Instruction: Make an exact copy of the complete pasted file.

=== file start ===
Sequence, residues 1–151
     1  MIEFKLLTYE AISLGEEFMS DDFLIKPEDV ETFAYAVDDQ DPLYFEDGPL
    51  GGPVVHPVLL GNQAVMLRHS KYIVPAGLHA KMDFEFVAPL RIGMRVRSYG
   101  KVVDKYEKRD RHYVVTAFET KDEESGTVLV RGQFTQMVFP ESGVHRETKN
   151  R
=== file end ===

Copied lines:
Sequence, residues 1–151
     1  MIEFKLLTYE AISLGEEFMS DDFLIKPEDV ETFAYAVDDQ DPLYFEDGPL
    51  GGPVVHPVLL GNQAVMLRHS KYIVPAGLHA KMDFEFVAPL RIGMRVRSYG
   101  KVVDKYEKRD RHYVVTAFET KDEESGTVLV RGQFTQMVFP ESGVHRETKN
   151  R